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Love Crimes


Download links and information about Love Crimes by Ruff Endz. This album was released in 2000 and it belongs to Hip Hop/R&B, Soul genres. It contains 14 tracks with total duration of 01:04:52 minutes.

Artist: Ruff Endz
Release date: 2000
Genre: Hip Hop/R&B, Soul
Tracks: 14
Duration: 01:04:52
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No. Title Length
1. No More 4:02
2. Where Does Love Go from Here 5:15
3. Phone Sex 4:33
4. Please Don't Forget About Me 4:15
5. Shout Out 4:54
6. Are U ****in' Around 4:23
7. I'm Not Just Sayin' That, I'm Feeling That 5:36
8. I Apologize 4:20
9. Love Crimes 5:31
10. Saying I Love You 4:55
11. Missing You 4:29
12. The World to Me 4:09
13. If I Was the One 4:26
14. Cuban Linx 2000 (Featuring Ghostface & Raekwon) (featuring Ghostface Killah, Raekwon) 4:04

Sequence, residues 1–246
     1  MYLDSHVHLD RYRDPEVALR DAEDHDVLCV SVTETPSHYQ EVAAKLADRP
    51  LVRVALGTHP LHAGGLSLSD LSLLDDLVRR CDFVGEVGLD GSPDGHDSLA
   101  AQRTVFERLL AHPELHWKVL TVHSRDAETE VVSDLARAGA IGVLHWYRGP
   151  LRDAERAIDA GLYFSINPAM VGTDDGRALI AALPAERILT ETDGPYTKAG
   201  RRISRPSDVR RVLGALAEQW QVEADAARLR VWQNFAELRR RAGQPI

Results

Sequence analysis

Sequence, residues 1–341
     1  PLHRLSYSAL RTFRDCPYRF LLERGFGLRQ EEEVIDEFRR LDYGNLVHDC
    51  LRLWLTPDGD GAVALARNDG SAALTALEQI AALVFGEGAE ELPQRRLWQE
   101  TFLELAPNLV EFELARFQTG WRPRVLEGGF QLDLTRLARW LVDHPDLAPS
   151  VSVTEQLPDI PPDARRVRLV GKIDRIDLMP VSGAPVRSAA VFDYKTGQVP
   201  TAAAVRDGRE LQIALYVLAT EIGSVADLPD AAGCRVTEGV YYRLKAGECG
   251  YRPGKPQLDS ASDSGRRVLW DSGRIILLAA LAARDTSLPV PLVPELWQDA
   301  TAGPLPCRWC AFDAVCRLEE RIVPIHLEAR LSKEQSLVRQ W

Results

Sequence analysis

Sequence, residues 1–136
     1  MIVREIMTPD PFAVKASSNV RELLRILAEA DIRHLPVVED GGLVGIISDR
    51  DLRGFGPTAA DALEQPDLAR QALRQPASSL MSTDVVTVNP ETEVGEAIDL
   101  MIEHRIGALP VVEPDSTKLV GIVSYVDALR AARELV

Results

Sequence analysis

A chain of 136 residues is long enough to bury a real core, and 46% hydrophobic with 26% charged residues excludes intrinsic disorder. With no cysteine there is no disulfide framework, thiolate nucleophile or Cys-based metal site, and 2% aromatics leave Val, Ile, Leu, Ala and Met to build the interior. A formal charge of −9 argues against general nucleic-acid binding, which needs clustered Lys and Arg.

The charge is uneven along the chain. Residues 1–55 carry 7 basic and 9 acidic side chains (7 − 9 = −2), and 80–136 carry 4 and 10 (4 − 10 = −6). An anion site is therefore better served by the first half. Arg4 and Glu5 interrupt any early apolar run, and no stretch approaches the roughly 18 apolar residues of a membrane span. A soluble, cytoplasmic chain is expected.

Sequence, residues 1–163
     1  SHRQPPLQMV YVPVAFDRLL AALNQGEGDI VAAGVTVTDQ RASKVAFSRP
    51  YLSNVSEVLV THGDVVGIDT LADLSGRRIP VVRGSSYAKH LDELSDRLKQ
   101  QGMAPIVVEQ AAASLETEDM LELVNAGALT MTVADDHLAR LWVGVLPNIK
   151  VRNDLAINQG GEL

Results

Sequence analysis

As "No More," Rough Endz's debut single, kept rising on the R&B/hip-hop charts during the summer of 2000, Epic Records kept delaying the release of Love Crimes, their first album, finally issuing it the same week that "No More" hit number one. The Baltimore-based duo employs a sweet-and-sour dichotomy typical of soul teams dating back to Sam & Dave and as recent as K-Ci & JoJo, with David "Davinch" Chance's smooth tenor contrasted by Dante "Chi" Jordan's gruff baritone. Of course, Rough Endz are closer to the latter predecessors than the former, much closer, in fact. Musically, this is formula contemporary R&B: the tempos are mostly slow, the beats pronounced, and the songs are either expressions of idealized love or romantic dismissals based on infidelity. (In this context, even Diane Warren's "If I Was the One," a typically hackneyed tale of a best friend's lust, seems original.) The choruses are lengthy and carried by a high-pitched vocal group as the lead singers improvise expressively. After a couple of verses and a bridge, each track contains an extended out-chorus section. What matters, of course, is the singers' emoting, and Chance and Jordan know all the necessary vocal tricks to make these lover-man jams work. It's too bad they have gone for street credibility by injecting the occasional obscenity and "N" word when such language is gratuitous on this kind of record. Oddly, those same words have been dropped out in the rap version of "No More," entitled "Cuban Linx 2000" and featuring Ghostface Killah and Raekwon, that ends the disc. Love Crimes demonstrates that the two singers who make up Ruff Endz have soulful vocal chops; next time it would be nice if their material were less contrived, but in a genre as circumscribed as contemporary R&B, that may be asking a lot.